MARION, Va. (WJHL) – Kid-sized COVID-19 vaccine doses are staged across the region and ready to deploy quickly through pediatricians, school sites, pharmacies and more, a regional health official said Monday.
“We hope that there’ll be shots in arms by the end of the week,” Mount Rogers Health District Population Health Manager Breanne Forbes Hubbard told News Channel 11.
If Centers for Disease Control and Prevention (CDC) Director Dr. Rochelle Walensky provides the final approval Tuesday, as expected, Forbes-Hubbard said it’s just a matter of getting the different-sized vials and equipment.
“We’re very excited,” Forbes-Hubbard said of health officials’ feelings about the pending rollout — the first new age group approved since 12- to 17-year-olds began receiving shots in May.
“We know that this is an important way to reduce disease transmission in our schools, have kids not to have to quarantine and miss school and activities, parents don’t have to stay home and of course keeping our kids safe and healthy,” she said.
She said vaccines shipped out from federal stores when emergency use authorization was granted last week and are in Virginia now. The state is sending doses out to each region to “pre-position” for the moment it’s fully approved.
“Nobody can give that vaccine yet until CDC gives the go ahead but we want to… have the vaccine available ready to go as soon as possible,” Forbes-Hubbard said.
She expects the regional departments to receive the first batch of doses as early as today and no later than Wednesday.
“Once we get it doesn’t mean we can start giving it yet, because it has to be prepared and shipped out to all the different locations, but we’ve got staff on standby and ready to go with that as soon as it comes in so we can start getting it out to the community.”
Pediatricians’ offices won’t be the only convenient place for parents to get their younger kids vaccinated. Like they did when the 12-15 availability rolled out, health department staff will offer clinics in schools.
Scheduling information will be sent out by school systems once the vaccine is authorized for use in Virginia, and clinics are being planned for the first few weeks in November. All clinics will be held after school hours, and a parent must accompany children being vaccinated.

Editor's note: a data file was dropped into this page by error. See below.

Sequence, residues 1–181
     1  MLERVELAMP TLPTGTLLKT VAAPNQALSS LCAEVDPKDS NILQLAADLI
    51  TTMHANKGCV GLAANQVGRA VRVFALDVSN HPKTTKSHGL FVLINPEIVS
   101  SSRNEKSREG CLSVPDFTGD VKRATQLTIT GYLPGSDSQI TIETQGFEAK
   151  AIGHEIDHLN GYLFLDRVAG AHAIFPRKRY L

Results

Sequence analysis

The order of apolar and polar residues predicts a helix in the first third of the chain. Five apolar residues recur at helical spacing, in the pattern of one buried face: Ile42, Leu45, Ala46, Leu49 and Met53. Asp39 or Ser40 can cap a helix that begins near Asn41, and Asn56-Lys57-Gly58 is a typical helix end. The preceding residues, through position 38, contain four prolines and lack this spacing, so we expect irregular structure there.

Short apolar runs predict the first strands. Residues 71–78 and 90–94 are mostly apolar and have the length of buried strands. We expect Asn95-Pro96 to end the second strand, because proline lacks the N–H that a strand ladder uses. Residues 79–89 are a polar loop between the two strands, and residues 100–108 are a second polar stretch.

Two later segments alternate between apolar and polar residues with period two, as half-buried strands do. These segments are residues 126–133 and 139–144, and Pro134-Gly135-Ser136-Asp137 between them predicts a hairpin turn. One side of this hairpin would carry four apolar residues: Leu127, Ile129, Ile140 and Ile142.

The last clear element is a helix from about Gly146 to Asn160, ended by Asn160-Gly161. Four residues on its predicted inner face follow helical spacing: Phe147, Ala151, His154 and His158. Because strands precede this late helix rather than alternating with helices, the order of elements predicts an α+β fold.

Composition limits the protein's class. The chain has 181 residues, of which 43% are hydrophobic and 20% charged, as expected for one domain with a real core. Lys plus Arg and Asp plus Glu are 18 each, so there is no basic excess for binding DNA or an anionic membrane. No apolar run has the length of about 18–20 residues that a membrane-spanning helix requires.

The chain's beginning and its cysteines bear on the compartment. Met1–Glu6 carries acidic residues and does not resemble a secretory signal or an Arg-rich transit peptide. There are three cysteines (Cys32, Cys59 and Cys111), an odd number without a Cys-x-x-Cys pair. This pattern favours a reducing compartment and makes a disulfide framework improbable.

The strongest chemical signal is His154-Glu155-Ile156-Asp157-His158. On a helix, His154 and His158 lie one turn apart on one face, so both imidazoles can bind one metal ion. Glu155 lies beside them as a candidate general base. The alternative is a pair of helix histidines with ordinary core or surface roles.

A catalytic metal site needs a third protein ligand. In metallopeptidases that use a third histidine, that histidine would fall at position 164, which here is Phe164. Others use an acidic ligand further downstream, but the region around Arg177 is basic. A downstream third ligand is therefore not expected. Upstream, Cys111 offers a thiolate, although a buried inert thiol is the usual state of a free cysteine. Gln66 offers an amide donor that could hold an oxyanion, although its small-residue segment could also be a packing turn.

“We’ll be going in the evenings to accommodate parents’ working hours and we’ll be at schools throughout the district offering the vaccine there,” Forbes-Hubbard said.
Pharmacies are also likely to have some supply, but Forbes-Hubbard expects many parents to go with their most trusted resource for their children’s health — pediatricians.
She said demand could outstrip supply early on. Some parents are already scheduling appointments for their children.
While the vaccine has the same formulation as the adult version, a new “buffer” makes it more shelf-stable so that doses can stay refrigerated for longer periods before they have to be thrown out.
“It’s more shelf stable for a little bit longer, which makes it easier for vaccinators, for pediatricians to give it if they don’t have to have it in a deep freezer and bring it out of that ultra cold.”
With different-sized vials and an inability to draw from existing adult doses on hand, families early on could find a lack of supply at certain providers.
“There’s vaccine coming but in trying to distribute it equitably around the region to different providers, not everybody has as much pediatric vaccine as they do have adult vaccine right now.”
Forbes Hubbard said an additional surge of demand wouldn’t be the worst problem she could imagine. She said she hopes parents in an area with a low overall vaccination rate. If that happens, she urged parents to persevere until they get a convenient appointment.
Local health departments will schedule vaccination appointments. Due to limited supply, appointments will be scheduled in blocks of 10, to avoid wasting any doses.
“You might find that you don’t have all the days and times that you would like available to you because providers are trying to schedule in those doses in appointments of 10 to get those 10 doses in a vial all distributed and not have to waste any.”